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The Tomato Whisperer

The Tomato Whisperer


A perfect day for Tim Mountz is eating tomatoes in his fields from dawn to dusk. Obsessive? Maybe. But, imagine yourself in his shoes on that day. Maybe not.

By Mike Madaio

Of all the fruits of summer, the tomato may be the one I covet most. Lettuce, peppers and beans, welcome sight as they are, come on so strong. Same with the berries. It can be smothering. But the tomato plays hard to get. While I gather another armful of cucumbers to haul back to the kitchen, the tomato, still Hulk-green after a summer’s worth of sunbathing, refuses to bend to my will. Until right about now. Even then, that first ripe tomato always comes as a surprise.

All of that comes from a couple of modest plants. Imagine the depth of Tim Mountz’s fixation. He’s growing over 400 kinds this summer. For the last eight years, Mountz and his wife, Amy Bloom, have been selling heirloom seeds, produce and, more recently, scratch-made sauces from that produce at a handful of markets and online as the Kennett Square-based brand Happy Cat Farm. But, tomatoes, obviously, are his first love. Second. Second love. Amy, of course, is his first. Probably.

“The perfect day for me,” Mountz says with a light laugh, “is when I lay down in bed at night and realize that breakfast, lunch and dinner were tomatoes in the field. That’s it.

“I was working with Tim Stark out at Eckerton Hill Farm,” he says. “I had never bitten into a tomato like an apple before. But one afternoon, I had a Jefferson Airplane-like, out-of-body experience. It might have been from sunstroke or something, but it was transcendent. From that point on, I started eating every tomato I could get my hands on.”

Whether cherry-picking from a farm stand or nursing them from your own backyard plot, heed Mountz’s advice on when the time is finally right: “A tomato has to have a little give, some movement to the flesh, so you know there’s juice in there. And full color. Unless it’s a green variety, it shouldn’t have any green. Lastly, fragrance: Much of the tomato’s aroma comes from the vine itself, but the fruit has a definite fragrance.”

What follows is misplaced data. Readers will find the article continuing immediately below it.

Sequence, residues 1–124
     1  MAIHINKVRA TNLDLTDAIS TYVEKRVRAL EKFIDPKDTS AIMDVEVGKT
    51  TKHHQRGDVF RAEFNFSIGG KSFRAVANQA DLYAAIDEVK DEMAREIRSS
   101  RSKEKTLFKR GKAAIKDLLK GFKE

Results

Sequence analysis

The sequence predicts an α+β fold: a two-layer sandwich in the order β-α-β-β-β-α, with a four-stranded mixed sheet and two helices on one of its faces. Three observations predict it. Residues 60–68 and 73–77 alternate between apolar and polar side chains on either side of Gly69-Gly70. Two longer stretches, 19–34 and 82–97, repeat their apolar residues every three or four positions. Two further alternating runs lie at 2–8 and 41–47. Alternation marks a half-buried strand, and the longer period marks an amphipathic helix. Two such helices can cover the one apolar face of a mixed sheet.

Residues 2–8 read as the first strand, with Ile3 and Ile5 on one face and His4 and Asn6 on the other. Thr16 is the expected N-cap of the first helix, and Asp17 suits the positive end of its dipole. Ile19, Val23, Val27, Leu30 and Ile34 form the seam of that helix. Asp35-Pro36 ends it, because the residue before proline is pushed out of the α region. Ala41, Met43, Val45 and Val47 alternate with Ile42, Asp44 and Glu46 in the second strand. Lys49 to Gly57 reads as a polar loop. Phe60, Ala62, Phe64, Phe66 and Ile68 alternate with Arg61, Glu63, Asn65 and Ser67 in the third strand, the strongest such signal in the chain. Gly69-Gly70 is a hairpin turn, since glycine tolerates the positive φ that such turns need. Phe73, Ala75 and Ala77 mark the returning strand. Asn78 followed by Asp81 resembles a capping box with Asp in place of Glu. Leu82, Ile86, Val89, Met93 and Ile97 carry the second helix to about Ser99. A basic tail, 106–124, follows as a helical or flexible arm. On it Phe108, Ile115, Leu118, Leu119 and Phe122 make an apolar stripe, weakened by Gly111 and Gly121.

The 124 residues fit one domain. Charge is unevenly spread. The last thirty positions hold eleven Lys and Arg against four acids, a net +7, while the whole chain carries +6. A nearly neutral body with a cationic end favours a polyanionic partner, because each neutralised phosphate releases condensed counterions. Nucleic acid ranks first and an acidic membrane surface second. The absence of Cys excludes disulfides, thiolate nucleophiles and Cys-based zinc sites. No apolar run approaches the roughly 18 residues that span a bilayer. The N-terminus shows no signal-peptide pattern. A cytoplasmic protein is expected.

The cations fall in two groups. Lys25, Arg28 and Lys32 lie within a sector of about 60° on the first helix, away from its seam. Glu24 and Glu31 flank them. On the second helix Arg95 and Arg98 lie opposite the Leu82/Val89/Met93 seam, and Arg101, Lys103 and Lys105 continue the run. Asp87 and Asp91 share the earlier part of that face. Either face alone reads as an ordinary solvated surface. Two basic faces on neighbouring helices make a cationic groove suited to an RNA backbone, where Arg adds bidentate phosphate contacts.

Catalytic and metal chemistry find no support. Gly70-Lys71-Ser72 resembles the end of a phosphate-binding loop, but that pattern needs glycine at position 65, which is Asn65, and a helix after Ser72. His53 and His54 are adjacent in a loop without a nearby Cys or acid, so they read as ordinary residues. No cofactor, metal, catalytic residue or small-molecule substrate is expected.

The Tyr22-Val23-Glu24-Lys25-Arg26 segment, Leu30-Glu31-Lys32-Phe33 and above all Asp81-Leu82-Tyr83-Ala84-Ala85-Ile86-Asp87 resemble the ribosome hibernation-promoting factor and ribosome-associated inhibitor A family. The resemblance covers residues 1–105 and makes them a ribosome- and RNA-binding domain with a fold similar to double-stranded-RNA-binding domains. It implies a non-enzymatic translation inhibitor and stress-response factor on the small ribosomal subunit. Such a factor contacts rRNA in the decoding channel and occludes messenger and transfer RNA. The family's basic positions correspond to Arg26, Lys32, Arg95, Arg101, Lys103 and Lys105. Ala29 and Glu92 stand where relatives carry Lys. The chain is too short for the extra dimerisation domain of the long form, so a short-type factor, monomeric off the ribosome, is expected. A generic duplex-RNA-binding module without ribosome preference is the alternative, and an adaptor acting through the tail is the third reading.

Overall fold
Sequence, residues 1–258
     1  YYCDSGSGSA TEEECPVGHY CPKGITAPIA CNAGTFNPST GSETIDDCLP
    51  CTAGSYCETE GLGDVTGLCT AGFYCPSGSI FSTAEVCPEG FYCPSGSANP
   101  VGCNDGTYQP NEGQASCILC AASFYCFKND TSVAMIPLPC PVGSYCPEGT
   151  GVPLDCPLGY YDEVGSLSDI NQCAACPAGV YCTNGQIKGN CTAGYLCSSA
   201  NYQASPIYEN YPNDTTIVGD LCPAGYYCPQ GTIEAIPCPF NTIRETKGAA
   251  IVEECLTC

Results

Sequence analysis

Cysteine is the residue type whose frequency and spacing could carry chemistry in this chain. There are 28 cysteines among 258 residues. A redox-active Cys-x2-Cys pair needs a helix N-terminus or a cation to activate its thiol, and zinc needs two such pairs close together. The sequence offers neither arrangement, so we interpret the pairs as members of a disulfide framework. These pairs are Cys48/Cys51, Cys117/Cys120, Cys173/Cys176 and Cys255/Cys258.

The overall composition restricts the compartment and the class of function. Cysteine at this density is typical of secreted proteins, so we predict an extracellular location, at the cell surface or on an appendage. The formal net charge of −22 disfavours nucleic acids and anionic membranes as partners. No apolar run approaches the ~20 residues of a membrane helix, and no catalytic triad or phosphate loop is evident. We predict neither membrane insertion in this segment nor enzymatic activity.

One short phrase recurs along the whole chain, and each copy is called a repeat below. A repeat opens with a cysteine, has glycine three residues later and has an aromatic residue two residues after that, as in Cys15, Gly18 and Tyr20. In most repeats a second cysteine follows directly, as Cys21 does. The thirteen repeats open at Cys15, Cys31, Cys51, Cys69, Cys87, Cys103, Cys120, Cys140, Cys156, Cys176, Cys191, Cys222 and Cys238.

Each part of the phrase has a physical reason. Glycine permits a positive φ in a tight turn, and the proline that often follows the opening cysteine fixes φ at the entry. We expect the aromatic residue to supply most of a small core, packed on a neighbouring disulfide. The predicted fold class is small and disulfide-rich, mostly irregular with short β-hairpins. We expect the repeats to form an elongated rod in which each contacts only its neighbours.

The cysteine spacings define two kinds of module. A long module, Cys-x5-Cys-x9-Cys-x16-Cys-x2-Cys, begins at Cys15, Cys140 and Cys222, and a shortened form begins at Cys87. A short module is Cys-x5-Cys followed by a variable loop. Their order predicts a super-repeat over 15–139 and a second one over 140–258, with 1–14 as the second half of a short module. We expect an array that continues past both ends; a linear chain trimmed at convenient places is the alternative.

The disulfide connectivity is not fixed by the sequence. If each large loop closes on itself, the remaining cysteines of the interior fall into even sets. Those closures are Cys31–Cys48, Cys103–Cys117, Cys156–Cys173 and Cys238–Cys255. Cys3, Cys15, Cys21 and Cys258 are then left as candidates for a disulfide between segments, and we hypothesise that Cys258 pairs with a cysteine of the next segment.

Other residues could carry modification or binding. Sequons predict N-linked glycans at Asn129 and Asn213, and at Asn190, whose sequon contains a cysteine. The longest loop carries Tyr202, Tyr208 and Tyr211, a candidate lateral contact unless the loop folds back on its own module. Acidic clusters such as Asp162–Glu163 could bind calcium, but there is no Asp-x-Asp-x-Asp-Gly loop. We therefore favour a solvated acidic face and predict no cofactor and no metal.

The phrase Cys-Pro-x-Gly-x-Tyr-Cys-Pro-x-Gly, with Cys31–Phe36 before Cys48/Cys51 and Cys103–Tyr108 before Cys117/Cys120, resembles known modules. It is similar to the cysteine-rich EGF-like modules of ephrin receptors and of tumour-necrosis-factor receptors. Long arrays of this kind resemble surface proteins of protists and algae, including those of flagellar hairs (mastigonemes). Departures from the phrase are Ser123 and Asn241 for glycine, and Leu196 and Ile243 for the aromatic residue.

Now, for what to do with those lush prizes, keep reading.

Summer’s Darling

A tomato salad is the epitome of summertime eating: simple preparation, complex taste. That line savvy chefs deliver whenever prompted about letting quality ingredients express themselves? It’s because seasonal fruits and veg at the height of their harvest, like tomatoes are right now, are akin to snowflakes—no two taste the same. All that nuance concentrated in just a few bites is the essence of summer: potent humidity, parched earth, a simmering sun and a soul-affirming oomph as it all comes together on the back of your tongue.

Recipe by Yelena Strokin

Heirloom Tomato and Beet SaladIMG_7816

Serves two.

3 sweet heirloom tomatoes (vary the sizes and colors)

1 small red onion, thinly sliced

1-2 small beets, cooked, peeled and sliced

2 tbsps. feta

Fresh basil

Fresh mint

Olive oil to taste

Lemon juice to taste

2 cloves garlic (optional)

Sea salt and freshly ground pepper to taste

Halve the small tomatoes and cut the large ones into thick slices. Then, layer them on a platter, mixing the different shapes and colors in a way that looks as good as it’ll taste.

Tuck in the beets and onions, then the basil and mint. Sprinkle the feta over the entire salad. Season with salt, pepper and garlic to taste. Drizzle with the olive oil and lemon juice, and serve immediately, preferably with a baguette to sop up that beautiful medley of juices that’ll be waiting at the bottom of the dish.

Yelena Strokin is a Newtown-based food stylist and photographer and the founder of the blog Cooking Melangery.

Photos by (Tim Mountz) Matthew J. Rhein and (Heirloom Tomato and Beet Salad) Yelena Strokin

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